My 5-year-old has regressed with his whining. His baby brother is going through his terrible 2’s, and I’m not sure if he’s trying to copy that behavior. I am presently trying to send him to his room when he cannot get his whining under control. I’ve stripped the room of every toy & book and plan on sending him to his room every day he whines until he can get back to where he was. Is this a good plan? Too excessive? Any other thoughts? If sending him to his room is a good idea, how should I handle it when he yells downstairs trying to engage in conversation? I’ve told him he has to deal with the consequence of the whining and that includes not conversing. I’ve also told him that if he continues to yell downstairs that he will spend the next day in his room as well.
Thank you for the question. It is tough when you think you have one problem solved and it rears its ugly head again. You say your son had the whining under control and when his baby brother began going through the terrible twos it resurfaced. Often an older sibling adores the baby until the younger sibling turns into competition. While we don’t want to waste our time trying to figure out the whys, it may simply be a factor to consider. You don’t say what you did to get the whining under control before. From your previous questions it sounds as though you used the ticket system and when he lost all his tickets he was sent to his room. An important aspect of the ticketing system is to give the child enough free passes so he can slowly get it right. Then as he grows stronger in his ability to control his whining (or any other social problem) you make the game a little harder by taking away one of his free tickets. After you find that sweet spot of how many free tickets to give you will need to send him to his room. He is fine, just unhappy. That is the whole point. None of us change until the motivation to do things differently is stronger than the desire to continue with the bad behavior. Your son needs to decide not whining and learning to use his big boy voice to ask for what he wants is far more advantageous to him than being sent to his room. Your loving smile and encouragement will let him know you love him and are rooting for him to get the lesson sooner than later. If he yells down to you while he is in his room simply don’t answer or let him know you hope tomorrow goes better for him so he can make cookies with you. I wouldn’t pile on another day simply for yelling down the stairs. Remember the goal here for him to learn to control his voice and frustration. He doens’t have to be perfect nor should you expect him to be. He is a boy and needs lots of fresh air and running outside with little if any screen time. Keep on being a great Mom who loves and adores her son so much she wants him to become a responsible adult. Good for you!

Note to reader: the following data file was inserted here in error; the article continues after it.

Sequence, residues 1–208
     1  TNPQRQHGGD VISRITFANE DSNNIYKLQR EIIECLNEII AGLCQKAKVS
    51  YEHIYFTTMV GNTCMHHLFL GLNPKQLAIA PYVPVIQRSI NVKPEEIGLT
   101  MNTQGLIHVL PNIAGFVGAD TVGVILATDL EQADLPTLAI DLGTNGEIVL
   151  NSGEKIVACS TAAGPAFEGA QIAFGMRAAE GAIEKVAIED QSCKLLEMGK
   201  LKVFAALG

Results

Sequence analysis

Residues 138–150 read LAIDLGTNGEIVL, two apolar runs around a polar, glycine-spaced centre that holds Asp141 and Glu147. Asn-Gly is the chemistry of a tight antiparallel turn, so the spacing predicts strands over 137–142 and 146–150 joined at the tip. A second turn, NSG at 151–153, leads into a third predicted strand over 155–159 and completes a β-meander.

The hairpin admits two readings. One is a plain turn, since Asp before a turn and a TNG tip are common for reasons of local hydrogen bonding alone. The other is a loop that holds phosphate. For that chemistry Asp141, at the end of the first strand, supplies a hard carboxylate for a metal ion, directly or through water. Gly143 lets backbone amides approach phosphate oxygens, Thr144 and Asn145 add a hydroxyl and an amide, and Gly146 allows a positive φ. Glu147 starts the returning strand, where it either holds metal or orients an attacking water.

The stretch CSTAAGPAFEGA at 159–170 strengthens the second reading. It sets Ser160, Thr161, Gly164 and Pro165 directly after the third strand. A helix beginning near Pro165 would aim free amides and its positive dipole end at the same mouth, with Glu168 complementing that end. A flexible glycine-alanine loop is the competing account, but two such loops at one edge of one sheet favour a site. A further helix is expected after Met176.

PS: Keep reading those John Rosemond books for your 2-year-old and remember this too shall pass.
All the best,
Certified Parenting Coach
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